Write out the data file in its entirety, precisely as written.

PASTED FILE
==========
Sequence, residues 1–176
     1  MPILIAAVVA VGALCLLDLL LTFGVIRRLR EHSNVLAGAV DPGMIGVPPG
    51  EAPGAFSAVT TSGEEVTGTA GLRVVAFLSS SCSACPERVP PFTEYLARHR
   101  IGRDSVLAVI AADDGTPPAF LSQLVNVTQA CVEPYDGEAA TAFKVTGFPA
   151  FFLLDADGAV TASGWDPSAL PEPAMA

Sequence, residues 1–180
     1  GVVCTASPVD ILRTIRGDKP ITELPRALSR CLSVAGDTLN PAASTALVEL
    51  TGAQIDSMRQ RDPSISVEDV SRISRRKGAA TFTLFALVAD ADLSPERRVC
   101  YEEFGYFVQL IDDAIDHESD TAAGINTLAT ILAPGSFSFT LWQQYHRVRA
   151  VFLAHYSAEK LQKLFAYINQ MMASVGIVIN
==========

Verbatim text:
Sequence, residues 1–176
     1  MPILIAAVVA VGALCLLDLL LTFGVIRRLR EHSNVLAGAV DPGMIGVPPG
    51  EAPGAFSAVT TSGEEVTGTA GLRVVAFLSS SCSACPERVP PFTEYLARHR
   101  IGRDSVLAVI AADDGTPPAF LSQLVNVTQA CVEPYDGEAA TAFKVTGFPA
   151  FFLLDADGAV TASGWDPSAL PEPAMA

Sequence, residues 1–180
     1  GVVCTASPVD ILRTIRGDKP ITELPRALSR CLSVAGDTLN PAASTALVEL
    51  TGAQIDSMRQ RDPSISVEDV SRISRRKGAA TFTLFALVAD ADLSPERRVC
   101  YEEFGYFVQL IDDAIDHESD TAAGINTLAT ILAPGSFSFT LWQQYHRVRA
   151  VFLAHYSAEK LQKLFAYINQ MMASVGIVIN